The influence of hope in supplying the soul with motives to action, and in sweetening the cares and mitigating the evils of life, is the subject of N° 471 of the Spectator; in conducting which Addison has displayed his usual felicity of arrangement and suavity of style, whilst the moral and religious uses of the passion are dwelt upon in a manner alike pleasing and impressive. Hope, without which our existence here would be insupportable, and to whose suggestions we adhere with unabated fondness, he has illustrated by the ancient apologue of Pandora's Casket; upon opening which, though all the calamities incident to human life immediately sprang from its cavity, Hope remained to soothe and heal the wounds that her companions were about to inflict. This very striking mythological fable has been thrown into most exquisite poetry by the genius of Sayers. Pandora is represented on her passage from heaven to earth, and, tempted by curiosity, in the act of opening the casket with which Jupiter had entrusted her-chagrined at discovering it apparently empty, she exclaims:

What! empty! empty!—yet methought a wind
As of a thousand rushing wings blew swift
Athwart my face-ah me! what griesly forms
Float in the air-see, see, they horrid smile,
And mocking point at me-speak, speak, who are ye?

[A voice from the air.
Thanks to her who gave us birth,
Eager sailing to the earth,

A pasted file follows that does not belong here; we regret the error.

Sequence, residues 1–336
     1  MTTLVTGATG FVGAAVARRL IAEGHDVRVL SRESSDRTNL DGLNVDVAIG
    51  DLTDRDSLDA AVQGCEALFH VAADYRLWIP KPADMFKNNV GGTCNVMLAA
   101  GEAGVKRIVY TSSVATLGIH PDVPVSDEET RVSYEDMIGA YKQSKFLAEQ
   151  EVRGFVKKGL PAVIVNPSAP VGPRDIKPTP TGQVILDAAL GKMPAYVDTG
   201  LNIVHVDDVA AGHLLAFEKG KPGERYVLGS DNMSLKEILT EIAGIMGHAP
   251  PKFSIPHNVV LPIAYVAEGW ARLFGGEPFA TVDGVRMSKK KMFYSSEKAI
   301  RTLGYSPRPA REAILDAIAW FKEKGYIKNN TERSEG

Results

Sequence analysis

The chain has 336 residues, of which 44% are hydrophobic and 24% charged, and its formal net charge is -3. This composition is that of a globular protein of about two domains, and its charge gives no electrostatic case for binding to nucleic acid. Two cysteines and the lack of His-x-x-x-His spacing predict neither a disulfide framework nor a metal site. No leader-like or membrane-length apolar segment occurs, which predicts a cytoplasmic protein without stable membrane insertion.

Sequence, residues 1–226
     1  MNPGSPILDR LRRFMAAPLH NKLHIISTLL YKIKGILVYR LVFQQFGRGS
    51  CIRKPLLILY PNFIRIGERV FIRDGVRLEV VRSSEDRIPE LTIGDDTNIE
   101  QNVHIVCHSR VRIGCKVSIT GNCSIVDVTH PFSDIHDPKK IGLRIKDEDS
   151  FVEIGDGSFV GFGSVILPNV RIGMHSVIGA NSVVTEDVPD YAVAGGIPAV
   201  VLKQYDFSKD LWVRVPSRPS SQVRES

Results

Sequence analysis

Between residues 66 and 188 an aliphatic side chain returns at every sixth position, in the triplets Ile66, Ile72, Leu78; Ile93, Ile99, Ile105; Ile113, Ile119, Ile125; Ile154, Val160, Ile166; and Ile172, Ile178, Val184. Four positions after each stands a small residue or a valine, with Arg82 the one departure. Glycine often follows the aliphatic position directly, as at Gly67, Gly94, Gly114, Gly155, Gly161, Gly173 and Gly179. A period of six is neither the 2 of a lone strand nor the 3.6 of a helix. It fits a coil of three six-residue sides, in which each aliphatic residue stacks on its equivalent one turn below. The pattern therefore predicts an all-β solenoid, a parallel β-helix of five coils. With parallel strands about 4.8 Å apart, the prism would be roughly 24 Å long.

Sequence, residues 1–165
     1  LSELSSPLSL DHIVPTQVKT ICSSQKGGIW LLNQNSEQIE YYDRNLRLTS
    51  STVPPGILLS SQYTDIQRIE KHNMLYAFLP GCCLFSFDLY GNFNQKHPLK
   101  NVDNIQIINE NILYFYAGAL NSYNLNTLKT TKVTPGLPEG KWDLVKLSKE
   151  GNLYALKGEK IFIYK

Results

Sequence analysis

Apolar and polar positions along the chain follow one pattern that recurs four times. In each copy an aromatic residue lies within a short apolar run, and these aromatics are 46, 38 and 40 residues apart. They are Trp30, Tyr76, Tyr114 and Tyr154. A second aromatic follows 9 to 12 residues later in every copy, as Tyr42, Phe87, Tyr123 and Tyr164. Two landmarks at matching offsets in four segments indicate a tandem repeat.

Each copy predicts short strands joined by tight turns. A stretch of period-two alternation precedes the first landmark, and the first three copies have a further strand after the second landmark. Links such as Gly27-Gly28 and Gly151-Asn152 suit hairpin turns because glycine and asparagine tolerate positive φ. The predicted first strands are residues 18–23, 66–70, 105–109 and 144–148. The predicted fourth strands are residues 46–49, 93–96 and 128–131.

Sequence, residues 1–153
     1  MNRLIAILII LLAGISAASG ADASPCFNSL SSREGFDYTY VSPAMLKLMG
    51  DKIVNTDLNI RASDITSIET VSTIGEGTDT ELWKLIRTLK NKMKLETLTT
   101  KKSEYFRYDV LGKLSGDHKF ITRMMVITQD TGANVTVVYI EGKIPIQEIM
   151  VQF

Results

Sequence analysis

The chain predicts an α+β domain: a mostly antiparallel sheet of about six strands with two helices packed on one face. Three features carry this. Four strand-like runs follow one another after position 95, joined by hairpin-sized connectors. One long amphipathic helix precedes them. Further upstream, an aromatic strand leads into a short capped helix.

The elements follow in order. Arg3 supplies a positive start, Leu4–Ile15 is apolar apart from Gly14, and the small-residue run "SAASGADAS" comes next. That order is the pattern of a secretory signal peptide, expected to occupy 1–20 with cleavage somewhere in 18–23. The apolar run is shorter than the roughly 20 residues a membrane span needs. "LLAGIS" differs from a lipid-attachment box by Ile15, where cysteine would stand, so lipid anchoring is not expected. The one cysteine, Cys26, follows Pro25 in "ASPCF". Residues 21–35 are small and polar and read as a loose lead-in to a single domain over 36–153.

We haste to act the deeds of woe,
And prey on all that breathes below.


Ah me! who are ye?-wretched, wretched woman!

[The voice continues.

Bloody Strife, and gnawing Care,
Pride, and Hatred, and Despair
Hover o'er thee in the air :
We haste to act the deeds of woe,
And prey on all that breathes below.


What have I done?-hush, hush, a softer sound!

[Another voice from the air,

Hear thou luckless maiden, hear,
Cease thy sorrow, cease thy fear;
Though yon grim troop on mortal shore
Haste the tide of grief to pour,
Hope shall join the gloomy throng,
Hope shall breathe her soothing song,
And bending o'er the wounded heart
Gently steal the poison'd dart :
Hope shall bid the tempest cease,
And whisper future hours of peace *.

The plan which Addison has adopted in this paper has been followed by Mr. Campbell, in his elegant and truly sublime poem on the “Pleasures of Hope.” The essayist and the poet alike commence with the moral and physical effects of hope, and alike terminate with its best result, the hope of happiness hereafter.

“ Religious hope," remarks Addison, “ has this advantage above any other kind of hope, that it is able to revive the dying man, and to fill his mind not only with secret comfort and refreshment, but sometimes with rapture and transport. He triumphs in bis agonies, whilst the soul springs forward with delight to the great object which she has always had in view, and leaves the body with an expectation of being reunited to her in a glorious and joyful resurrection."

* Sayer's Poems, 2d edition, 8vo. p. 164.